Posted on September 10, 2001 in Washington Watch

It may be summer vacation for some, but Arab Americans have been hard at work all across the United States. While the Middle East is in flames and the response to the crisis is a full-time responsibility for major Arab American organizations, many community activists have not lost sight of the need to also fully engage in the upcoming 2001 elections.

There are only two major gubernatorial races, in the states of Virginia and New Jersey, but there are dozens of critical mayoral and city council races in U.S. cities where Arab Americans have a great deal at stake.

These elections are important for two reasons. Nationally they will help to set the stage for next year’s congressional elections where the contest for control of both the Senate and House of Representatives will be a major concern of Republicans and Democrats.

In 1993, the year after Bill Clinton ended 12 years of Republican control of the White House, Republicans bounced back winning governorships in Virginia and New Jersey and control of city halls in New York, Los Angeles and other urban centers as well. Many analysts viewed these 1993 victories as a precursor of the Republican sweep in 1994 that gave that party control of both the Senate and House.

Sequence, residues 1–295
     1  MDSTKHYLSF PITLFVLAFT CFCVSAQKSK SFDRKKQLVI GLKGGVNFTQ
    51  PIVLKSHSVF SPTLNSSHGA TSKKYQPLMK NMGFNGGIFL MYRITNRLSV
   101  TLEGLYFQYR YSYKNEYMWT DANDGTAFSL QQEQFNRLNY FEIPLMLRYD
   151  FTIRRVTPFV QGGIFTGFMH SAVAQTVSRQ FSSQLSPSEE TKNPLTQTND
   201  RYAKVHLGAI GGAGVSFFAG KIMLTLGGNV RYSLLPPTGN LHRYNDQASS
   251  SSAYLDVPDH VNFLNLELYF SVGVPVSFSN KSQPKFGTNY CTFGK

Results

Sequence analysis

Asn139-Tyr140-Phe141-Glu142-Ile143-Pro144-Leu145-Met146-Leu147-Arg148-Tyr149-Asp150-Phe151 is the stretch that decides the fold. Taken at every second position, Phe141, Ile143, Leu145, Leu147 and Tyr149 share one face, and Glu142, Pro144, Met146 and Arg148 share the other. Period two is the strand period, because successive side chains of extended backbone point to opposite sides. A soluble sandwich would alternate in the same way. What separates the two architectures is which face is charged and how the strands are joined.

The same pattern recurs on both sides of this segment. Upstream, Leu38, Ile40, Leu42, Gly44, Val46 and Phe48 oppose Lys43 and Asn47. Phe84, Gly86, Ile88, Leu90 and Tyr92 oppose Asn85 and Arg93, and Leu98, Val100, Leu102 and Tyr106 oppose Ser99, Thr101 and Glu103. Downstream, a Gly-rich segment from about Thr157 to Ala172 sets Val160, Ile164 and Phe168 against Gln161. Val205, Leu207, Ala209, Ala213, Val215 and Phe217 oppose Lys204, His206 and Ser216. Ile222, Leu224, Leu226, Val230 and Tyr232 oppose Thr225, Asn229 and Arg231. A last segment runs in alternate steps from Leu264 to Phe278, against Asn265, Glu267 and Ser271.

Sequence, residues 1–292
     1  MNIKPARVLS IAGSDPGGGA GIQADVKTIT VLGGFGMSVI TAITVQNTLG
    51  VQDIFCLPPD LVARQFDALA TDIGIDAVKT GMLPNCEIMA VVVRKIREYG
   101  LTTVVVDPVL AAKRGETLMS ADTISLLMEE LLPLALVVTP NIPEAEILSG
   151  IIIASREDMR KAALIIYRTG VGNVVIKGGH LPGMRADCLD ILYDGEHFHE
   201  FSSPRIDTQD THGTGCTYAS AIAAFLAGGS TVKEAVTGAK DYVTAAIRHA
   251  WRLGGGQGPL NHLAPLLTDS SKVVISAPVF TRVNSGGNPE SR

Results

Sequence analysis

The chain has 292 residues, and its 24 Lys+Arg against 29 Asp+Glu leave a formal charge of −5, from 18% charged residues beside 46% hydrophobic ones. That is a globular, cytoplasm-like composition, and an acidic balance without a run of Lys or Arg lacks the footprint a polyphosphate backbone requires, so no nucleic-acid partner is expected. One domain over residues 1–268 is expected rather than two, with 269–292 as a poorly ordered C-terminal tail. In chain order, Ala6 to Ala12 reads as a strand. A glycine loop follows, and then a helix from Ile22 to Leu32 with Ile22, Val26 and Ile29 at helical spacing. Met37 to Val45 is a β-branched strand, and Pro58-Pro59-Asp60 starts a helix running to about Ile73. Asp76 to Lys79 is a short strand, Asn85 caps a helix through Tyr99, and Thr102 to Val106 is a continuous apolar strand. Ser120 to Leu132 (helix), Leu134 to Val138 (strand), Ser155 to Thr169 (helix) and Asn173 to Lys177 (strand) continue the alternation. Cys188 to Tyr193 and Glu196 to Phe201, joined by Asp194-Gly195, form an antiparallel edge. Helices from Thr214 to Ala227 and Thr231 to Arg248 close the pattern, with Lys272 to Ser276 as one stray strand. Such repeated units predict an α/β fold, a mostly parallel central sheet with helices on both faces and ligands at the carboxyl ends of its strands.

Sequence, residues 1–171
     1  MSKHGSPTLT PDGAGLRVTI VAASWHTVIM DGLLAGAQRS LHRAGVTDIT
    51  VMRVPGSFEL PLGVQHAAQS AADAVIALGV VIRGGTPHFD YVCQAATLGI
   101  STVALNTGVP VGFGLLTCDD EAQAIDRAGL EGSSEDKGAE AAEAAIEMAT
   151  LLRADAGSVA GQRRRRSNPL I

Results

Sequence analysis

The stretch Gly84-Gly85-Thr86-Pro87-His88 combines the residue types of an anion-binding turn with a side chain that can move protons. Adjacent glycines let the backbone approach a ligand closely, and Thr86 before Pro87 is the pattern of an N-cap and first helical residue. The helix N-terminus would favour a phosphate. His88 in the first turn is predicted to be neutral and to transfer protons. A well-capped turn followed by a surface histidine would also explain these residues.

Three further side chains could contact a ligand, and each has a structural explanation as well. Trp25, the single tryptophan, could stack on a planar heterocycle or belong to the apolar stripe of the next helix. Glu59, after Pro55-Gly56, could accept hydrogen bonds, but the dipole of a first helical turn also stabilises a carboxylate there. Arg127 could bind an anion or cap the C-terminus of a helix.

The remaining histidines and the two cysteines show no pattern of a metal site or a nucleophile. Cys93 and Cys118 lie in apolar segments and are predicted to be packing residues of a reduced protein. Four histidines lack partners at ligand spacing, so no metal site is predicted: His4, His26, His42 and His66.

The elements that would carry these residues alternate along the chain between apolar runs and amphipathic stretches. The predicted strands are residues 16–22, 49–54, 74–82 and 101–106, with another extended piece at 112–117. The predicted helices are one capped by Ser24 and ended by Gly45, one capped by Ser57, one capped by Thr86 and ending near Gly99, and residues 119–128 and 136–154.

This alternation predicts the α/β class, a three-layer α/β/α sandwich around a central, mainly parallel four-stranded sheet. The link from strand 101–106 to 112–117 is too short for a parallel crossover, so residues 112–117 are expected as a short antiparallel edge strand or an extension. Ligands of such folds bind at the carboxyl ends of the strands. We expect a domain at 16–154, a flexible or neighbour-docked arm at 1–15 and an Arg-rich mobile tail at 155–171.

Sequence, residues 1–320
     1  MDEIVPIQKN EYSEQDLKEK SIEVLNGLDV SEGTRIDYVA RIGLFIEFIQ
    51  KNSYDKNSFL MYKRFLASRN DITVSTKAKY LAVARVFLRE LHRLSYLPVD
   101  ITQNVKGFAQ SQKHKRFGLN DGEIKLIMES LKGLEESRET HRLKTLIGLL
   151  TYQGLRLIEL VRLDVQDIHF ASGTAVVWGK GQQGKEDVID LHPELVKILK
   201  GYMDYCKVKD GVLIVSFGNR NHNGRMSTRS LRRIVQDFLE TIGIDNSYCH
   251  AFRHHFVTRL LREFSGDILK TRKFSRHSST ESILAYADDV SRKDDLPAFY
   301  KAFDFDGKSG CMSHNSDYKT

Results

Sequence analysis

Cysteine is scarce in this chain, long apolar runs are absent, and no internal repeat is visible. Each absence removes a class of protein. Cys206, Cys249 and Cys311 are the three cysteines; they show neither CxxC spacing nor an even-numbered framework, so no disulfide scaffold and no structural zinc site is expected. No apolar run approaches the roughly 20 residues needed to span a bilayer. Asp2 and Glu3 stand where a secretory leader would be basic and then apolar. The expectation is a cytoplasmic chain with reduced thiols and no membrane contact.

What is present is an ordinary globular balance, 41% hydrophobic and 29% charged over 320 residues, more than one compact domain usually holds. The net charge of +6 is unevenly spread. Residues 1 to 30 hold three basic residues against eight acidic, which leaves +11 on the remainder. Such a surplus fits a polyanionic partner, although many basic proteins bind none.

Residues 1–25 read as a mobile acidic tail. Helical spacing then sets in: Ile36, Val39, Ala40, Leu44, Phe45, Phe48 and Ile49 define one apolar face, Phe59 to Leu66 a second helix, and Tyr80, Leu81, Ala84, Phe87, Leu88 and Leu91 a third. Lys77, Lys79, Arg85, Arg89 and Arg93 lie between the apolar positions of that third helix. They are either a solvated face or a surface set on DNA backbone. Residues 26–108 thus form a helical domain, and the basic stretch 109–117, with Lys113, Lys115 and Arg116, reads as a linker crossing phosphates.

With Democrats having already won the mayor’s post this year in Los Angeles and with their candidates leading in New York, New Jersey and Virginia, they are hoping to maintain this momentum and have a sweep of their own in 2002.

Because of the psychological impact 2001 victories will represent, both parties are focusing significant energy and resources on these races.

At the same time 2001 represents a real challenge Arab Americans must meet. Since the community established itself as a recognized and respected voting group in the1996 and 2000 national elections, they are under pressure to maintain momentum and continue to build voter strength and recognition on the local level.

Even at this early stage, the signs look quite promising. In the two governors’ races, Arab Americans are fully engaged at unprecedented levels.

In Virginia, for example, Arab Americans have been employed in critical staff positions in both Republican and Democratic campaigns. Grassroots Arab American efforts have long been successful in Virginia politics. Going back 15 years, that state’s Arab Americans have hosted town meetings featuring major candidates who came to seek community support. This year is no exception with an event scheduled and the major parties’ candidates confirmed to appear.

New Jersey is this year’s big story. Although growing in numbers, the state’s Arab American community has never played a major electoral role. Outnumbered by New Jersey’s large Jewish community, Arab Americans were often overlooked by the candidates and parties.

During the administration of New Jersey’s last Republican governor, the community did make some modest inroads. But this year is quite different. Early on, Brett Schundler, the Republican candidate for governor, made an effort to reach out and include Arab Americans and New Jersey’s large Pakistani Muslim community in his campaign.

When a Republican opponent attacked the involvement of a prominent, mainly Pakistani American Muslim group in Schundler’s effort, Schundler rejected the criticism and reaffirmed his support for the group.

A few months ago, the Democratic candidate Jim McGreevey initially issued the same attack against Schundler. After Arab Americans intervened, however, McGreevey apologized for the flap and publicly welcomed both Arab Americans and the Muslim groups into his campaign.